National Conference and Congress had entered into a seat-sharing agreement wherein former had agreed to leave both the Jammu seats for Congress in lieu of latter’s support for its president and former chief minister Dr Farooq Abdullah in Srinagar constituency. This was done to avoid division of votes between two parties against BJP, leaders of both NC and Congress said, adding that they will, however, have a friendly contest in other three constituencies of Anantnag, Baramulla and Ladakh.
It will be second time in a row that National Conference will not be contesting parliamentary elections in Jammu division. In 2014 Lok Sabha elections too, it had left both the parliamentary constituencies for Congress. However, despite having a seat-sharing agreement between them, BJP had won at both places.
NC’s candidate for north Kashmir’s Baramulla constituency is senior leader and former minister Mohammad Akber Lone, while for South Kashmir its candidate political novice Justice (rtd) Hasnain Masoodi.
BJP has announced six candidates for Jammu and Kashmir. Jugal Kishore and Dr Jitendra Singh, the present MPs contest from their own constituencies namely Jammu and Udhampur respectively. MM War will field from Baramulla and Khalid Jahangir will contest from Srinagar. Anantanag constituency is reserved for the BJP candidate Sofi Youssaf and Ladakh by 31-year-old Jamyang Tsering Namgyal. The young leader, who serving as the current chief executive councillor (CEC) of Ladakh Autonomous Hill Development Council (LAHDC), remained private secretary to the former BJP MP and renowned Buddhist spiritual leader, Thupstan Chhewang. A graduate from University of Jammu, Namgyal took over as CEC of the hill development council on November 10 last year following mass revolt in Ladakh unit of the BJP.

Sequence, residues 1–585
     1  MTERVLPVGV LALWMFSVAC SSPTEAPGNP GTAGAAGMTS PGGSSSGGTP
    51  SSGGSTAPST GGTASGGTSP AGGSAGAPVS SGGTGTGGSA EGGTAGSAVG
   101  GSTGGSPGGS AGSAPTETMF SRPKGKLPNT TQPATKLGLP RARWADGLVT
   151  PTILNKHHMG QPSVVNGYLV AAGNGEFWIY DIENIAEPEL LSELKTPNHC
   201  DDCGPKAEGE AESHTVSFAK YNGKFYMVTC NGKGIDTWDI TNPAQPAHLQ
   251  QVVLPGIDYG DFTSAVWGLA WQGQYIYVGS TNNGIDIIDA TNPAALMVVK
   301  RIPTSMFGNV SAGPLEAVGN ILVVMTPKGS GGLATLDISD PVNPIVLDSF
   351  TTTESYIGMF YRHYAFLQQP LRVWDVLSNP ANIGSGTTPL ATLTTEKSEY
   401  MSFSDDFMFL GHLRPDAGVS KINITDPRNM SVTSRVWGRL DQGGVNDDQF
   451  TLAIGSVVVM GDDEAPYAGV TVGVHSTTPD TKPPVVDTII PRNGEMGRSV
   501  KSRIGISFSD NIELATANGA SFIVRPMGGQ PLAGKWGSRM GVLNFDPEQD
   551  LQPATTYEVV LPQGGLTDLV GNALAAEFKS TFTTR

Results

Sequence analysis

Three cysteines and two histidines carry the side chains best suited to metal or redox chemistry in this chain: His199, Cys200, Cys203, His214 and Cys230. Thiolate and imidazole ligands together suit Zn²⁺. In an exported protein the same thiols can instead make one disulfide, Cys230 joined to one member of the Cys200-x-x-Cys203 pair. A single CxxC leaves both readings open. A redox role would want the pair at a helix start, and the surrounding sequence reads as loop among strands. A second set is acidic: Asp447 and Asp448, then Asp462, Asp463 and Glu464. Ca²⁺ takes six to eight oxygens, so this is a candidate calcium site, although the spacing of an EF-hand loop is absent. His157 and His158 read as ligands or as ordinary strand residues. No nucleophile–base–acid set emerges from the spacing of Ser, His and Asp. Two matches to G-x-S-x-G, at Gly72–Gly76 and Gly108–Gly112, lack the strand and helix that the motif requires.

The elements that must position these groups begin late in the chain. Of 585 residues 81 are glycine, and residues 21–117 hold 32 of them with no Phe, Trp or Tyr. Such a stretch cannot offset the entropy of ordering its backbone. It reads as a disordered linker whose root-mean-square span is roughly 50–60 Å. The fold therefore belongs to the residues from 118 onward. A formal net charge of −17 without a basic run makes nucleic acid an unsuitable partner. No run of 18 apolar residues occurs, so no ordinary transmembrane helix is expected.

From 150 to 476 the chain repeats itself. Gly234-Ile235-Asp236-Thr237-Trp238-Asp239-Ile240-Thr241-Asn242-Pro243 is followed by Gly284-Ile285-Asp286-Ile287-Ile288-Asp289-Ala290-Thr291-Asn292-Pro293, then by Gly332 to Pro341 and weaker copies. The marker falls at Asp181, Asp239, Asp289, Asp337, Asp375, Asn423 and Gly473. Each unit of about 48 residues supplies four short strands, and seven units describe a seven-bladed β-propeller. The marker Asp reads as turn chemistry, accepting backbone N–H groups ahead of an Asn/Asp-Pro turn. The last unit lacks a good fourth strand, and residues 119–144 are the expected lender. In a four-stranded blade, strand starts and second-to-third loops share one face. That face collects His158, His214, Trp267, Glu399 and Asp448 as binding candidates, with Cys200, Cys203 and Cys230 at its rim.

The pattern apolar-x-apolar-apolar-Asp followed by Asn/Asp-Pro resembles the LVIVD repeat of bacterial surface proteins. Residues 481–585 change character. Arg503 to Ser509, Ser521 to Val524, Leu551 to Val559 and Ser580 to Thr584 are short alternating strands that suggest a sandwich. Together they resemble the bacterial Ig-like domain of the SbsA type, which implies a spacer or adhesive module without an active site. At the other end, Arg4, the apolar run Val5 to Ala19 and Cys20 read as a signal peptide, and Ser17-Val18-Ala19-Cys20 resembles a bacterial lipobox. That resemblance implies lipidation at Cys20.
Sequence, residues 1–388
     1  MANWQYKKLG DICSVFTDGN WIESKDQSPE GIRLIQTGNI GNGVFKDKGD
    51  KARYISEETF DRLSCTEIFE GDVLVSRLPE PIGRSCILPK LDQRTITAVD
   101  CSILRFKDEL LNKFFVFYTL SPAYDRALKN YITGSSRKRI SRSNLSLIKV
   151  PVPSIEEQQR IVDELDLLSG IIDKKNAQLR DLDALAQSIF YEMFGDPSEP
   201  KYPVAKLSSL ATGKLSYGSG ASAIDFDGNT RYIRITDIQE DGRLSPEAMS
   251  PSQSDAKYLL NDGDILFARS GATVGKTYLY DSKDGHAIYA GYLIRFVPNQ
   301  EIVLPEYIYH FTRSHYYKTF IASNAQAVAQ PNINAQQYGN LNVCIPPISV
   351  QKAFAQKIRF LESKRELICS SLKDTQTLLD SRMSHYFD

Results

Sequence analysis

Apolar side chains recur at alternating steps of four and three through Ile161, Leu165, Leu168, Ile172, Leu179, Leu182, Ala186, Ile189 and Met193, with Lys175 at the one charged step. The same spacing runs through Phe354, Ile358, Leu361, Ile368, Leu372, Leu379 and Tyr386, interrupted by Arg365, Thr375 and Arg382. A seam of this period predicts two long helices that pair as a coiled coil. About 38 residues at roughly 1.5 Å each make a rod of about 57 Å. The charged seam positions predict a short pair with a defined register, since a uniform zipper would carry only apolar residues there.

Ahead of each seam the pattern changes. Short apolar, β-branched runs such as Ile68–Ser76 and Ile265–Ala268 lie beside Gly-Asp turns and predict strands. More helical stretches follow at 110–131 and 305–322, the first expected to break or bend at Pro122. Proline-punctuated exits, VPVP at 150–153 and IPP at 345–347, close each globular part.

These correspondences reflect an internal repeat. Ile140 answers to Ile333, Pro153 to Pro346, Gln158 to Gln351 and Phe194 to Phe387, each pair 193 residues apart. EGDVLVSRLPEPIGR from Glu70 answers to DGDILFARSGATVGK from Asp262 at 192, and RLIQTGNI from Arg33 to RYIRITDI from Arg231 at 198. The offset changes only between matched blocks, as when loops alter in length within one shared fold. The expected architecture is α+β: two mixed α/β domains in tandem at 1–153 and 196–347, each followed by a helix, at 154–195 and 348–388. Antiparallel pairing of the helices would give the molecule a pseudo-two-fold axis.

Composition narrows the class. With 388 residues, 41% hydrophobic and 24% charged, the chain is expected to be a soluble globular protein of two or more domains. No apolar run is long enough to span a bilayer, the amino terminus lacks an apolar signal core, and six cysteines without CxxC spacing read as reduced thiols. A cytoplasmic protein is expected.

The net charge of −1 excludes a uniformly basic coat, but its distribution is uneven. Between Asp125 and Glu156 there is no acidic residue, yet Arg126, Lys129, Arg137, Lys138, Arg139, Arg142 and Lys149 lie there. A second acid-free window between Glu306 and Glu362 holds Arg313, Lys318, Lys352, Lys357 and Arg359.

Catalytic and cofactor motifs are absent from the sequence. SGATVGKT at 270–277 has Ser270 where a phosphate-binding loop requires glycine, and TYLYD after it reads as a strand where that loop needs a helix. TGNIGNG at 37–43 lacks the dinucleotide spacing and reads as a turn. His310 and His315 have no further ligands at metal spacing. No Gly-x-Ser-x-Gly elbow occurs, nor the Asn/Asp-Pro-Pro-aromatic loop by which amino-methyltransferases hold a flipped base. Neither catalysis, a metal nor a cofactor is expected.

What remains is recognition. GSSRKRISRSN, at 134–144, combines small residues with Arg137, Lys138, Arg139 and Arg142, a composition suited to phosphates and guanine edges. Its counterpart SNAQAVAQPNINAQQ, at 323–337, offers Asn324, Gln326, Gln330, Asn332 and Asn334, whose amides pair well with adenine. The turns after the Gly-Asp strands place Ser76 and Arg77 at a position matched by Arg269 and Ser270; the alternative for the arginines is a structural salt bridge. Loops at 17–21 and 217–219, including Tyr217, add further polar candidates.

In order to pitch a tough fighting environment in the state, the Congress party has declared that Haji Farooq Mir, Raman Bhalla and Vikramaditya Singh will contest from Baramulla, Jammu and Udhampur constituencies respectively.
Singh, who is the son of veteran Congress leader and former sadar-i-Riyasat of Jammu and Kashmir, had been a PDP MLC, but he resigned his seat in Upper House of the State Legislature.
Former Jammu and Kashmir chief minister Mehbooba Mufti will be the People’s Democratic Party (PDP) candidate from the Anantnag Lok Sabha constituency but the party has decided not to field any candidates for Jammu and Udhampur seats in an effort to prevent a division of “secular votes”. Aga Mohsin will be the party candidate for Srinagar seat.
The party has already named former employees’ union leader Abdul Qayoom Wani for the Baramulla Lok Sabha seat.
Peoples Conference led by separatist-turned-politician Sajad Gani Lone has fielded a former PDP leader and a businessman on two Lok Sabha seats in Kashmir. The party’s candidate for Baramulla Lok Sabha seat is Raja Aijaz Ali and Irfan Reza Ansari for Srinagar seat.Promising
Ali, a former IGP, recently quit the PDP and joined the Peoples Conference. He unsuccessfully contested the 2014 assembly polls on a PDP ticket.
Ansari, a businessman, is the younger brother of former PDP leader Imran Reza Ansari. The brothers had joined the Peoples Conference soon after Governor Satya Pal Malik dissolved the state assembly in November last year.
Awami Ittihad Party (AIP) president and former MLA Langate Er Rasheed is also contesting Lok Sabha elections from north Kashmir. Bharatiya Janata Party (BJP) rebel Choudhary Lal Singh has entered the Lok Sabha poll fray as a candidate of his recently floated political outfit Dogra Swabhimaan Sangathan (DSS), vowing to end the “discrimination against Jammu region by successive Kashmir-centric regimes”. Singh has filed nomination from Jammu and Udhampur constituencies, a move which may upset the BJP apple cart in the Hindu-majority region of Jammu and Kashmir.